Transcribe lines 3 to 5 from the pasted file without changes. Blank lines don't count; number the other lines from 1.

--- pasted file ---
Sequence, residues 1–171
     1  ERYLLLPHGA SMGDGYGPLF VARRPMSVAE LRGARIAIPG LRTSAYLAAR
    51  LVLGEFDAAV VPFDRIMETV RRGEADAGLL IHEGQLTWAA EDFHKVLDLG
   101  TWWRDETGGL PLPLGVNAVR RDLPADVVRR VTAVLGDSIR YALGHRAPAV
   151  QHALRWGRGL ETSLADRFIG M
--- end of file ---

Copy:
    51  LVLGEFDAAV VPFDRIMETV RRGEADAGLL IHEGQLTWAA EDFHKVLDLG
   101  TWWRDETGGL PLPLGVNAVR RDLPADVVRR VTAVLGDSIR YALGHRAPAV
   151  QHALRWGRGL ETSLADRFIG M